John Brown’s Body - Supervillains - Session Rockers - 11/11/11 - at The Jewish Mother, VA Beach, VA

John Brown’s Body came back to Virginia Beach, a regular stop on their circuit, and visited the new and “improved” Jewish Mother. I pulled out the quotation marks there because I’ll always love the old Jewish Mother (on Virginia Beach’s ocean front) for its walls of photos, memories of times with friends on a tight dance floor, and the list of bands I experienced there.

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I remember one night when Burning Spear was right in my face! Oops... that was a bit of a flashback moment. That haven had an ambiance that just cannot be recreated. But, cravings for the past aside, I was excited to see that this newly positioned Jewish Mother is truly a better concert experience. Once the dinner tables are removed, the floor area is many times larger than the floor at the original spot, the stage is much larger (with an actual back stage area), and the bar is perfectly positioned; it's one of those bars that run the entire side of the venue's wall (for the length of the concert floor), so that access is far from limited. Paired with the booking/promotion team of QuiVa productions (a long time partner with the venue), this new Jewish Mother is destined to keep making big-time moves in the area. If the old venue had to go, this was a sagacious transition spot.

Wait... I didn't go to review a building! I came to hear some music, and tonight was full of it. Session Rockers, a Virginia Beach-based reggae band, was the first on stage. They came with their expected force, in the form of a tight, rhythm-heavy musical medley that I kept hoping was going to spin into the songs they were teasing. Their catalogue is forming nicely. The medley ended, and "Jah Never" was the first full song to take form; it was proof enough that Vincent James (recently moved to vocals and guitar) is locking nicely into position. Next up was the powerful "Thunder and Lightning," "Standing Strong" (a wise track about the drive to keep going in times of struggle), and "Zion I," again with James strong at the microphone. This band is truly finding its feet, as everyone grows together; if they keep moving, they have the talent to do big things.

The Supervillains, a tour seasoned party band, slammed onto the stage for the second spot. A mesh of amped up Green Day meets Sublime, their style was a little brash for what I was expecting at a John Brown's Body show (I didn't plan on having to battle a mini mosh pit), but I can go with it. An ever-morphing splash of reggae-meets-punk flew from the stage in sharp contrast to the sandwich of Session Rockers and John Brown's Body. The Supervillains is much more of a party minded band than the other two, and the drummer/singer ( Dominic Maresco) commented that he hates playing before midnight, because people just aren't drunk enough. With songs like "Drinkin' Tonight" as their opening track, I guess I see where he's coming from. Their set included attention catching versions of Sublime's "40 Oz. to Freedom" and Billy Joel's "Movin' Out (Anthony's Song)."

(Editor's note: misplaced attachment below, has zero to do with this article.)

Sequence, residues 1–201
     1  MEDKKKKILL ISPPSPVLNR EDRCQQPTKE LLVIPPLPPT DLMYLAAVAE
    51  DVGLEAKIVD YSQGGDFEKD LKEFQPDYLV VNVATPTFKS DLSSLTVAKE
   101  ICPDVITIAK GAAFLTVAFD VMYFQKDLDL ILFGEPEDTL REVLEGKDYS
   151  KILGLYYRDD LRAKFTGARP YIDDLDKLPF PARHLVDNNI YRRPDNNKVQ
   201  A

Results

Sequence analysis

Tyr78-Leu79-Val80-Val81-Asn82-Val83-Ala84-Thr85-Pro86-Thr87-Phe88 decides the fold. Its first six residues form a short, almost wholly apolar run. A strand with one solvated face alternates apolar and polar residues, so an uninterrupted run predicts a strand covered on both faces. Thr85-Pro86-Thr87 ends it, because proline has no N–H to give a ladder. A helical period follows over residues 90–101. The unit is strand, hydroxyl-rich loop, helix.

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John Brown's Body was the night's main draw. I have to interject with an admission; I kind of dropped out of the band's touring cycle, after the death of their original bassist (Scott Palmer) in 2006. Upon his passing, some of the band's foundation-building members left (amicably enough) for other adventures. After the band's shift, whenever I encountered the current John Brown's Body, I saw them through eyes and heard them through ears that were pleading for that old band to mysteriously appear; sometimes, the past is just the past. No offense intended for my memory lane walk (this current JBB is certainly a band with its own credentials), but context is important to understanding any perspective. 

I was truly excited to catch John Brown's Body. Having not seen JBB in about three years, they seemed new (however familiar) to me, and it was like discovering one my favorite bands all over again. JBB still holds onto the thoughtful vocal prowess of Elliott Martin (one of what was previously two lead vocalists) and the dialed-in consistency of Tommy Benedetti's drumming. Hearing them with purposefully unbiased ears allowed me to love that JBB spirit I'd been blocking out.

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Martin came on stage, his tambourine in hand, and the horn trio quickly proved to be more expressive than I ever recall them being. The rest of the band was expectedly lock-step, and this was a constant during their travels through a set that included a mix of Martin's finest songs. Tonight's trip incorporated "Speak of the Devil," "The Gold," "The Grass," "Ambrosia," "Blazing Love" and a double encore of "So Aware" alongside the classic "33RPM." My ears couldn't have asked for more of a gift than to be carried away in JBB's progressive reggae rhythms; I was giving constant thanks that I decided to make the trip to catch them.

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Tonight was a cathartic moment for me and my love of John Brown's Body. I can add an old favorite to my list of new favorites, and I'll no longer snap back to thoughts of the original crew every time I hear of the current crew; that's the way it should be. That old music still lives (I can grab it off of my cd shelf whenever I want), but we're blessed because this family of musicians is aware that time simply demands that we all play on...

Article by: Jeremy Sanchez

Photos by: Russ Helgren